In the CDP the population was spread out with 22.5% under the age of 18, 6.9% from 18 to 24, 36.3% from 25 to 44, 27.0% from 45 to 64, and 7.3% who were 65 years of age or older. The median age was 36 years. For every 100 females there were 95.6 males. For every 100 females age 18 and over, there were 93.1 males.

The median income for a household in the CDP was $80,018, and the median income for a family was $94,061 (as of a 2007 estimate, these figures had risen to $93,417 and $130,221, respectively). Males had a median income of $70,192 versus $45,885 for females. The per capita income for the CDP was $42,747. About 3.2% of families and 4.5% of the population were below the poverty line, including 6.1% of those under age 18 and 7.0% of those age 65 or over. A portion of the housing is set aside for Section 8 low-income housing. Subsidized senior citizen housing is also available.

The home ownership rate (owner-occupied housing units to total units) was 66.7%.


As noted above, Reston is unincorporated; it receives "municipal" services either from the county or from the Reston Association, which operates recreational facilities across the town and maintains pathways and other common grounds.

It has been proposed to incorporate Reston as a municipality. A referendum to incorporate Reston failed in 1980 by a 2-1 margin; however, the proposal was resurrected in 2005 by the Reston Citizens Association.

The covenants at Reston specify that the assessments paid to the association are to be in proportion to the assessed value of the property as determined by Fairfax County. The Voluntary City notes that this may have been an attempt to imitate local governments. However, it argues that it would have been better to assess all property owners the same amount for three reasons. First, the public goods that residents enjoy are not likely to be dependent on the value of the property they occupy. Second, the tax structure is factored into the price of the property; thus, an inexpensive home saddled with higher assessments would become even more inexpensive, because its value would be diminished by the tying of these payments to the property. Third, payments based on assessed value dampen the incentive to improve the value of the property.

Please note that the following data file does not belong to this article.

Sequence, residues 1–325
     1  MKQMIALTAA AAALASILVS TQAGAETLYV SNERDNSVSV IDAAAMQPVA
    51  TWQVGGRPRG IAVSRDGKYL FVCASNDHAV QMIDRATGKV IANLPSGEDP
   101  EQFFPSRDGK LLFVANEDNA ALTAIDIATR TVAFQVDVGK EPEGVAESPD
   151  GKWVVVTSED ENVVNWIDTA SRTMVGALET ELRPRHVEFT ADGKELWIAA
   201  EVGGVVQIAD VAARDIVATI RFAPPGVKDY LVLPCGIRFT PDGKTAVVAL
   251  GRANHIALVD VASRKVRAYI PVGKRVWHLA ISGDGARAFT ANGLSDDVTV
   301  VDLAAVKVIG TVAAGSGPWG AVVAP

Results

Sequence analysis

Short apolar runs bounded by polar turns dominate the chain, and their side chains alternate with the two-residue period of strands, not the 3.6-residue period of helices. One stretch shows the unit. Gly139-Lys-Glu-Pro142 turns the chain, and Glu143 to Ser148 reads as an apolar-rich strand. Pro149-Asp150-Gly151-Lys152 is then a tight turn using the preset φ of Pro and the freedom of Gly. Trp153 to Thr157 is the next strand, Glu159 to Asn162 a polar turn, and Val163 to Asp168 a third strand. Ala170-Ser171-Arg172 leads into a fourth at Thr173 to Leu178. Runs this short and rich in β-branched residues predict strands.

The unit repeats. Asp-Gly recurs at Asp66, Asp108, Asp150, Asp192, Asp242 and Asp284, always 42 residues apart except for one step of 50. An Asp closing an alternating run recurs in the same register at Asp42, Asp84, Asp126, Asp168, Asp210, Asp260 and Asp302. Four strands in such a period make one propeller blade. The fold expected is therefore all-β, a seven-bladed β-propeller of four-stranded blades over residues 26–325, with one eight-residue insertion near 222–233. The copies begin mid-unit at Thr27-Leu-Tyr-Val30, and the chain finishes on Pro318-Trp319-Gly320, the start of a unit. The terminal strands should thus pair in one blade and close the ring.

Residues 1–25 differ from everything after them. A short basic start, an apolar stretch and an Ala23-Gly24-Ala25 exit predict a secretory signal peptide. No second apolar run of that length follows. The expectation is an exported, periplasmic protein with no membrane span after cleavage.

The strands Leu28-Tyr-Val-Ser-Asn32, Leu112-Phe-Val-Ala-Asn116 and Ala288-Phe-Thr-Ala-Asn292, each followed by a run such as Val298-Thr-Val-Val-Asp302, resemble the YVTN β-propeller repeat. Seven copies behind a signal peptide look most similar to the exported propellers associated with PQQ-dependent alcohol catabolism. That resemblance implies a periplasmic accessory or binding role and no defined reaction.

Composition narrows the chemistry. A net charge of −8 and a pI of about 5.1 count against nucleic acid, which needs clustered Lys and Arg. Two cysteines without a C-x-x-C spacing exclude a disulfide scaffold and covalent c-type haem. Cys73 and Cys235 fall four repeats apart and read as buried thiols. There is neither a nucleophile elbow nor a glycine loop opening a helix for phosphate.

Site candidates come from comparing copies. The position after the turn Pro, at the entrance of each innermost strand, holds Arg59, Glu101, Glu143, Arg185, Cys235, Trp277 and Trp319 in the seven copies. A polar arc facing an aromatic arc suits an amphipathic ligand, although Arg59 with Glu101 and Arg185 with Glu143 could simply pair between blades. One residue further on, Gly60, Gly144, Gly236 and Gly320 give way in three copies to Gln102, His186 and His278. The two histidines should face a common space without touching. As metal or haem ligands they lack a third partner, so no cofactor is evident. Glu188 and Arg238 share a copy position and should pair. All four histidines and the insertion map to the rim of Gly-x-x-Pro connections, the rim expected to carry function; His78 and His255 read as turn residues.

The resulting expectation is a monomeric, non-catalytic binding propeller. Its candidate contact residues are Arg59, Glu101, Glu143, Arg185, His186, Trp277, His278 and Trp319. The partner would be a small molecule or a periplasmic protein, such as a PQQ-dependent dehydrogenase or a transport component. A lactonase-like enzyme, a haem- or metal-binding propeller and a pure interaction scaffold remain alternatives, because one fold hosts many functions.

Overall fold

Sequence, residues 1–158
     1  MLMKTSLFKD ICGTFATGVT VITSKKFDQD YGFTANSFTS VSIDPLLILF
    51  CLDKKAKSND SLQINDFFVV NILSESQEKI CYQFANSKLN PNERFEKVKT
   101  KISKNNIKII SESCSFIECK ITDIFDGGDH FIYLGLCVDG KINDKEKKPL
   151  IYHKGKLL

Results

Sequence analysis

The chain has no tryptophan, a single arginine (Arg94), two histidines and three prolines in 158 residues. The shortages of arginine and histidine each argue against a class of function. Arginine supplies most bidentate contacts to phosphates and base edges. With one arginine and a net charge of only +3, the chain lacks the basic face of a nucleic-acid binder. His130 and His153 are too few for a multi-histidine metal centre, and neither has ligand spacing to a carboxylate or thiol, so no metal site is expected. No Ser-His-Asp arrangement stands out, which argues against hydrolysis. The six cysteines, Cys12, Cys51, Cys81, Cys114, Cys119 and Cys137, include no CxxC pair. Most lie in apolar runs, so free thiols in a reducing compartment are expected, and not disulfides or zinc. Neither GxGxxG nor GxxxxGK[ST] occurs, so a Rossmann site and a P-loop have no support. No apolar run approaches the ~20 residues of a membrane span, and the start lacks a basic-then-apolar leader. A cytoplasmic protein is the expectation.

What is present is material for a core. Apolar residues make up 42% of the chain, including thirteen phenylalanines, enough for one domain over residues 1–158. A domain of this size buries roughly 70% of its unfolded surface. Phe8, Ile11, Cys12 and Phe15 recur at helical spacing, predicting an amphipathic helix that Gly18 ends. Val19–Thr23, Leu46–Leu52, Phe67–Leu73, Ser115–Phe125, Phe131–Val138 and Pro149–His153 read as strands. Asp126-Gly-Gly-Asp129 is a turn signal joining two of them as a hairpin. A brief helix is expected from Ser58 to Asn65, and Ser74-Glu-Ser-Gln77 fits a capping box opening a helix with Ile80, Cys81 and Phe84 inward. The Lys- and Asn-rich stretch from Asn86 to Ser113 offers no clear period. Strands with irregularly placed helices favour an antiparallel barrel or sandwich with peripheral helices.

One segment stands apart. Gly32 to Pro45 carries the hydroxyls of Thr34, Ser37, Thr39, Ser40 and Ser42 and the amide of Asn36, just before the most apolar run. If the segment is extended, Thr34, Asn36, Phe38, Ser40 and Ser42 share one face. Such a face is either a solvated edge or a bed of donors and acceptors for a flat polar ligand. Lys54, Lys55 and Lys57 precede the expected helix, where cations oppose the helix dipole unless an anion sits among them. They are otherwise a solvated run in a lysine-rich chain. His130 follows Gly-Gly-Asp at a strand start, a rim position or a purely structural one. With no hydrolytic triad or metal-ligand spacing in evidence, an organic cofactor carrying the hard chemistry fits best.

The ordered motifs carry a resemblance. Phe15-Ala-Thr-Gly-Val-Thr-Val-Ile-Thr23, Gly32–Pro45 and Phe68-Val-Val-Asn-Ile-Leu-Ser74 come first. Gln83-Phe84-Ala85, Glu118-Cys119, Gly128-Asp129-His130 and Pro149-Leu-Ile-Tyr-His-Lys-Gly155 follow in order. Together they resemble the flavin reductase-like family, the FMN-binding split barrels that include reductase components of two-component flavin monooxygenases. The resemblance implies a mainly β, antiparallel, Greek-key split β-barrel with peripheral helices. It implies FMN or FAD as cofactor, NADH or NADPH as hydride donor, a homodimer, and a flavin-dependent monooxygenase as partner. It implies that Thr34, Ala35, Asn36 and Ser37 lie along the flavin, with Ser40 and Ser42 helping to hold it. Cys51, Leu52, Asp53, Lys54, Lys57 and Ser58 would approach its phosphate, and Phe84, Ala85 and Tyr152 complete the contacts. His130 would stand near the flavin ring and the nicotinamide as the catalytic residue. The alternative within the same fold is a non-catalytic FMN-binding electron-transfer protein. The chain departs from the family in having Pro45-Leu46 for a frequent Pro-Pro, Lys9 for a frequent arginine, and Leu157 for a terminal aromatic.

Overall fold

Reston has a federal system of government in which cluster associations form around neighborhoods. These cluster associations are responsible for maintaining common areas and have the power to tax their residents to do so. Many of these clusters have their own websites.

Local media

Reston is served by the Washington, D.C.marker market, and has three local newspapers: the Reston Observer, the Fairfax County Times, and the Reston Connection.

Notable residents

Notable current and former residents of Reston include:


Image:Reston,_Virginia_-_Lake_Anne_plaza.jpg|Lake Anne Plaza in Reston.Image:Usgs-headquarters.jpeg|USGS Headquarters.

Panoramic view from Herndon-Monroe Park & Ride lot


  1. Reston Town Center
  2. Ebola Reston Outbreaks Department of Human Virology Stanford University
  3. " Reston CDP." United States Census Bureau. Retrieved on April 4, 2009.
  4. Home page. Reston Zoo. Retrieved on April 4, 2009.
  5. Reston Community Center
  7. " Google Offices." Google. Retrieved on July 12, 2009.
  8. " Library Branches." Fairfax County Public Library. Retrieved on October 21, 2009.
  9. " Reston CDP, Virginia." U.S. Census Bureau. Retrieved on October 21, 2009.
  12. Holley, Joe. Taylor Morris, 62: Radio Host Played Classic Rock", The Washington Post, August 3, 2009. Accessed August 10, 2009.